Make sure the twist is really twisted: Arnab Ray talks about Mahabharata Murders
Arnab Ray is no stranger to the novel space. After breaking out with May I Hebb Your Attention Pliss, the author followed it up with the thriller The Mine. Then came Yatrik and Sultan of Delhi: Ascension. Now, his latest book Mahabharata Murders is making waves.
Based loosely on the Mahabharata epic, the book has it all – blood, gore, and two detectives racing against time to prevent a psychopath on a killing spree. Set in a dark and sinister Kolkata, not one you have come across before, the novel draws you in with its clever twists.
While many might be tempted to compare Mahabharata Murders with Srijit Mukherji's thriller flick Baishe Shrabon, but Ray creates a more tangible story for his murder mystery.
Definitely one of better books we've read this year, we spoke to Ray to find out more about what went into writing Mahabharata Murders. These are the edited excerpts:
Jhinuk Sen (JS): Straight up - how did this idea come to you?
Arnab Ray (AR): I wish I knew exactly when. I guess it was around college that I had this inspiration for a re-imagination of the Mahabharata, though it was many years later when I could finally wrap my idea around a crime thriller. That was the real challenge, putting them both together in a coherent way. I am deliberately being vague to avoid spoilers.
JS: Mahabharata has been interpreted and reinterpreted many times before, there are even books written from the perspective of the Kauravas - what made you approach it in this diabolical way?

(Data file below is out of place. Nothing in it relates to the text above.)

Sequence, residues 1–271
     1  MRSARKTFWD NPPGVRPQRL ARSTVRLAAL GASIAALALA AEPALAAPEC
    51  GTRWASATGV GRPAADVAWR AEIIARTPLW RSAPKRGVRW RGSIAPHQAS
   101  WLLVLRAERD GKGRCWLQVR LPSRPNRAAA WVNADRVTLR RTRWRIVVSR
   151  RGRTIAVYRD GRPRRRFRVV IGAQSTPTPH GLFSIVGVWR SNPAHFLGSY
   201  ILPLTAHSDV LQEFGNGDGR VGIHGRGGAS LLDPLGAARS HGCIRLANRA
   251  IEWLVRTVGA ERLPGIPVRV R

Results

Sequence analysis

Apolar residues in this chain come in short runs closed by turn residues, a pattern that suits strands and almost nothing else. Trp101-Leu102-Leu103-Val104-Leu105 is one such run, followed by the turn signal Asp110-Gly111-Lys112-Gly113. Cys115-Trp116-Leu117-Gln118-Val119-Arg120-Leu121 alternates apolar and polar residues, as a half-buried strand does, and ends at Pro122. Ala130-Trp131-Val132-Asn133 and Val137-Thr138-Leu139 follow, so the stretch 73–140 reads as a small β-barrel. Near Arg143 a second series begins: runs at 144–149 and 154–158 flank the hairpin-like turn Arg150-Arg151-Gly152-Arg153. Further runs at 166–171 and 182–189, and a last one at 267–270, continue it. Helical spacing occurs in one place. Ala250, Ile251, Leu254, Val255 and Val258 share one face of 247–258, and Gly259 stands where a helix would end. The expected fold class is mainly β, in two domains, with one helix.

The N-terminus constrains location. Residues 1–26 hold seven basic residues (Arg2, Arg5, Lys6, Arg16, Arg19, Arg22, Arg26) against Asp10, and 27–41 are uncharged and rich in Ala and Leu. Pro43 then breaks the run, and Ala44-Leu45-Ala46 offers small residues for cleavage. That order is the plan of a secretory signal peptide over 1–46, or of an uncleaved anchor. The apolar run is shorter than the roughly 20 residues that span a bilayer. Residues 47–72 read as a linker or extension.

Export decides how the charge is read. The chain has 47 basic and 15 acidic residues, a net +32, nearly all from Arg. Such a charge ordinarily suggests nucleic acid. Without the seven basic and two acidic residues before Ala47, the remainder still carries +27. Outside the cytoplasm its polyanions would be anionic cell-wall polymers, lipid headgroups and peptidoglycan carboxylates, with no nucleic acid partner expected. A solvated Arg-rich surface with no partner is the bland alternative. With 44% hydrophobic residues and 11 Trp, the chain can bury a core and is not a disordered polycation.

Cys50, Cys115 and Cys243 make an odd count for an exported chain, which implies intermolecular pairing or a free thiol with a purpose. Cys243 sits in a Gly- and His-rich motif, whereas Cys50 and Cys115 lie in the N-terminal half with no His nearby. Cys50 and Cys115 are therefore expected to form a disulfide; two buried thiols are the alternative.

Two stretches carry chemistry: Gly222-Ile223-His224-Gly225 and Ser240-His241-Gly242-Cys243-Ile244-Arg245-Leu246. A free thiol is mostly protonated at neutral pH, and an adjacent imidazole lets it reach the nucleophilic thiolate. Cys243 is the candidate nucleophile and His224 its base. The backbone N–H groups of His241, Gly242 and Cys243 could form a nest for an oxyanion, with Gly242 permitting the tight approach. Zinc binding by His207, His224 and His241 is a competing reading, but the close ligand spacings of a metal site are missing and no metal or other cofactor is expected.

AR: The thing about the Mahabharata is that it allows you to define new villains and new heroes, while not deviating from canon. It's all there, you just need to put the proper lens on it.
JS: Is it hard to write a thriller? What are the most difficult issues you had to face while writing Mahabharata Murders?
AR: The first thing you struggle with while writing is reader expectations. Whenever someone hears “murders” (and I include myself in this group) one thinks Agatha Christie, dead body in library, alibis, wills, vanishing murder weapons, locked room mysteries, and the mysterious au-pair girl.
The more modern crime thriller, where the focus is not so much on the mechanics of the crime, but on the why, is at the same time difficult to write, as well as to accept. Then it is to make sure that the twist is really twisted, the last thing you want is to telegram the twist on page forty-eight.
You need to keep things moving, but you also need to give space for the characters to grow. Being strongly anchored to another book (the Mahabharata in this case), you need to provide the context and the narrative hooks, so that the reader does not feel lost, but also make sure that the story advances, and we are not down to “Here is what is going on” poke-in-the-eye exposition.
And after the thriller is done, the most difficult thing is to deal with reviews where the ending is given out, either directly or in a way that would ruin the experience for a new reader.
JS: Why did you set the story in Kolkata?
AR: It is the city I know the most. Also, I wanted to deviate from the Kolkata clichés – the Durga Pujo, and the muffler, and the Victoria Memorial and the Naxal, and imagine a more twisted, darker city within the city. Kolkata, and I have consciously striven for this effect, is a character too in this book, shadowy and mysterious, and not very likeable.
JS: How difficult, or easy, was it to narrate the story from Ruksana Ahmed's point of view? Why did you choose her as the narrative voice?
AR: I have been wanting to write in a female voice for some time, purely as a writing challenge, and the Mahabharata Murders gave me the perfect opportunity to do so. Again without giving away spoilers, Ruksana's gender and her backstory is vital to what happens in the book, and this is one character I loved writing, the sense of humor, the self-deprecation, the vulnerability and the strength.
JS: What is next for Arnab Ray?
AR: The conclusion of my crime saga Sultan of Delhi. And then back to horror in Shakchunni, set in 1930s Bengal.